a clear conception being an Entity ; Omnipo" tence it self cannot make a Non-Entity to be
an Entity. Wherefore he concludes, “No Man ever was
or can be deceiv'd in taking that for an Epi« ftemonical Truth which he clearly and di“ftinatly apprehends, but only in assenting to
things not clearly apprehended by him, which is the only true Original of all Error.
3. The Opinion that nothing can be demonstrated to be true absolutely, but only bypothetically, refuted: For, says our Author, if we cannot
“ clearly comprehend what they do not, “ that therefore they can never be cer" tain that they do, clearly comprehend any " thing which is juft ; as if we shou'd argue,
that because in our Dreams we think we have 6. clear Sensations, we cannot therefore be ever “ fure, when we are awake, that we see things “ that really are.
Dr. Cudworth concludes this Chapter with Origen against Celfus.
5. That Science and Knowlege is the only firm thing in the World, without a Participation of which communicated to them from God, all Creatures, says he, wou'd be mere Ludibria and Vanity.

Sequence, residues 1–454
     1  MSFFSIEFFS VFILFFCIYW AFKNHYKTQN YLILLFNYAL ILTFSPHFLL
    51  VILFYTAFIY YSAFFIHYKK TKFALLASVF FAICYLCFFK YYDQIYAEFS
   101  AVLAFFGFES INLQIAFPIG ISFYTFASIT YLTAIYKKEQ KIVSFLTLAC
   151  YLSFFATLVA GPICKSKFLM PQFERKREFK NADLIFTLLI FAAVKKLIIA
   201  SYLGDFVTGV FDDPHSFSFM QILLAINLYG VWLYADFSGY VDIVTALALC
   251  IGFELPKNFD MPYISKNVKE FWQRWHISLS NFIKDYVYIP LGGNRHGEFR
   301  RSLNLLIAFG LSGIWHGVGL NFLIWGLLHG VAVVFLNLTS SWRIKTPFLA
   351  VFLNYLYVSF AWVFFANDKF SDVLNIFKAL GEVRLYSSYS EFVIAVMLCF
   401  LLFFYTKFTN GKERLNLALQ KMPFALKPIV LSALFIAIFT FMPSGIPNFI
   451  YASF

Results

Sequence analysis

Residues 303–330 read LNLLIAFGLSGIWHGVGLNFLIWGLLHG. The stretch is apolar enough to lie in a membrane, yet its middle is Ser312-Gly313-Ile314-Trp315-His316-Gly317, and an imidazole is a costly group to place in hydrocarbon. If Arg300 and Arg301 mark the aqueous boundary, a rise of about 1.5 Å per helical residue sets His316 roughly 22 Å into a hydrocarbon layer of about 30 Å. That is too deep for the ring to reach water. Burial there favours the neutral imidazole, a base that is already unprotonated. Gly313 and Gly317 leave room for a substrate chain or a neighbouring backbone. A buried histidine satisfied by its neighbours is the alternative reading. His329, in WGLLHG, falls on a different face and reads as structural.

With a Letter sent to the Author of the
HE Alogians, who cou'd not persuade
themselves that they were * compil'd by St. John, had written a Critique on them, where, among other Particulars, they objected that the Church of Thyatira did not exist in the Age of that Apoftle. As these were Hereticks who re* Epiph. Hæres, 51.
jected even St. John's Gospel, little notice is taken of their opinions. But 'tis not they who are hinted at in this place, but St. Epiphanius who refutes them, tho’ very triflingly; and in such a manner as to give them to understand, that in case they wou'd allow him
the Gospel, he'd very freely give them up the Revelations. If they, † fays he, admitted the Gospel, and reje&ted only the Revelations, one might conclude that they did it purely for the sake of being exact, and for fear of receiving an Apocryphal Piece. What surprizing Moderation is this in St. Epiphanius, he, who upon all other occasions was so stubborn and unpliant. According to him, had the Alogians rejected only such a Piece as the Revelations, nothing cou'd have been laid to their charge, but their being too scrupulously exact. Mr. Basnage thinks this is speaking very coldly of one of the Bonks of Scripture ; but why does this Writer fay coldly? 'Tis prevaricating with a witness.
But tho' the People of the East and the Greeks had no great esteem for the Revelations, yet the Latins, especially the most Western part of them, were more inclin'd to receive them : Among those who quote them in the fourth Century, are reckon’à Firmicus Maternus in the 20th Chapter against Idolatry ; Phebades of Agen in his Book against the Arians ; Pacienus Bishop of Barcelona in his first Epistle ; Prudentius the Poet in his fixth Hymn, written for those who are going to sleep; St. Hilary, in his Commentary on the Psalms, in which he cannot comprehend (to mention this transiently) how ’tis pofsible for Willows to grow on the Banks of Ri